PubDate: 2015-11-04T07:50:32-08:00
      DOI: 10.1177/2167702614566603
      Issue No: Vol. 3, No. 6 (2015)
  • An Assessment of Emotional Reactivity to Frustration of Goal Pursuit in
           Euthymic Bipolar I Disorder
    • Authors: Edge, M. D; Lwi, S. J, Johnson, S. L.
      Pages: 940 - 955
      Abstract: Affective disturbance is a central feature of bipolar disorder. Many investigators have hypothesized that euthymic people with bipolar disorder might display elevated emotional reactivity, but laboratory studies of emotional reactivity have had mixed results. Drawing on theories of bipolar disorder that emphasize dysregulation of goal pursuit, we hypothesized that people with bipolar disorder might be emotionally hyperreactive to frustration of goal pursuit. Forty-seven euthymic participants with bipolar disorder and 43 control participants played a computer game for a monetary reward. To induce frustration, we programmed the game to respond inconsistently to user input during two periods. The frustration induction was successful as measured by self-report, physiological responding, and facial behavior, but contrary to the hypothesis of emotional hyperreactivity in bipolar disorder, the bipolar and control groups were equally reactive to frustration. Future studies will benefit from more specific hypotheses about how emotion might be altered in bipolar disorder.
      PubDate: 2015-11-04T07:50:32-08:00
      DOI: 10.1177/2167702614555412
      Issue No: Vol. 3, No. 6 (2015)
  • Self-Distancing From Trauma Memories Reduces Physiological but Not
           Subjective Emotional Reactivity Among Veterans With Posttraumatic Stress
    • Authors: Wisco, B. E; Marx, B. P, Sloan, D. M, Gorman, K. R, Kulish, A. L, Pineles, S. L.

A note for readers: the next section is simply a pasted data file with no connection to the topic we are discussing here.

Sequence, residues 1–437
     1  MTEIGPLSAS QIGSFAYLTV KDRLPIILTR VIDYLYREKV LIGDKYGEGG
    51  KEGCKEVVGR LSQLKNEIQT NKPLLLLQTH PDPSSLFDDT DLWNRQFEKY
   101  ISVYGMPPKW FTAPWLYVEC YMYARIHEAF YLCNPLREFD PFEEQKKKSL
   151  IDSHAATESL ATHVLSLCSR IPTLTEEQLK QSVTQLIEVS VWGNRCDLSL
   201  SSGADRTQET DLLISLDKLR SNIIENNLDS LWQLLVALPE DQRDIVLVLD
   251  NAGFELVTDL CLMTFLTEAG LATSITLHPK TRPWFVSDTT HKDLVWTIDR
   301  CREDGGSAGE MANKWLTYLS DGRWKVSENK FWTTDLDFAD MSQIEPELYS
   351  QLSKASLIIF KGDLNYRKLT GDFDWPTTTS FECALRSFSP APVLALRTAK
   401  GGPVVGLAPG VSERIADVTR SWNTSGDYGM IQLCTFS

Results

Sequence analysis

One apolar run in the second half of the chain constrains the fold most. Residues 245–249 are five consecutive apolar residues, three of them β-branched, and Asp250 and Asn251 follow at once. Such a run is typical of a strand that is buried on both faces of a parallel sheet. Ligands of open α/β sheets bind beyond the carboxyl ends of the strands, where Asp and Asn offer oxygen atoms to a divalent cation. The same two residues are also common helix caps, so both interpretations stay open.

Pages: 956 - 963
      Abstract: Self-distancing, or viewing oneself from a third-person perspective, reduces reactivity when analyzing one’s feelings. Self-distancing may have important effects among individuals with posttraumatic stress disorder (PTSD), who have heightened emotional and physiological reactivity to trauma memories, but the effects of self-distancing in this group are unclear. We randomly assigned 48 veterans diagnosed with PTSD to analyze their trauma-related feelings from an immersed (first-person) or distanced (third-person) perspective, and measured physiological and subjective emotional reactivity. Self-distancing during trauma analysis protected against increases in physiological reactivity, such that participants in the immersed condition showed a significant increase in heart rate and skin conductance responses not seen in the distanced condition. However, self-distancing had no effect on self-reported emotional reactivity. Our findings suggest that the effects of self-distancing on subjective emotions may not extend to trauma memories. However, self-distancing during trauma analysis did change physiological reactivity, suggesting at least a short-term benefit for individuals with PTSD.
      PubDate: 2015-11-04T07:50:32-08:00
      DOI: 10.1177/2167702614560745
      Issue No: Vol. 3, No. 6 (2015)
  • The Emerging Field of Nutritional Mental Health: Inflammation, the
           Microbiome, Oxidative Stress, and Mitochondrial Function
    • Authors: Kaplan, B. J; Rucklidge, J. J, Romijn, A, McLeod, K.
      Pages: 964 - 980
      Abstract: We live in a transformational moment for understanding the etiology of mental disorders. The previous leap in understanding occurred 60 years ago, which led us to incorporate psychopharmacology into our curricula to address the chemical basis of neurotransmitter function, especially as explained through the then-popular catecholamine hypothesis. The current revolution is broader, consisting of the rapidly accumulating knowledge of how inflammation, microbiome imbalance (gut dysbiosis), oxidative stress, and impaired mitochondrial output affect brain function. Suitable interventions for fighting inflammation, restoring normal gut function, reducing oxidative stress, and improving mitochondrial metabolism incorporate lifestyle variables, including nutrients and probiotics. This article invites readers to stay abreast of this emerging model of the biological basis of mental illness, given that it has particular relevance for those readers interested in alleviating the suffering of individuals with mental disorders. This overview describes the basis for a new field in mental health: nutritional psychiatry/psychology.
      PubDate: 2015-11-04T07:50:32-08:00
      DOI: 10.1177/2167702614555413
      Issue No: Vol. 3, No. 6 (2015)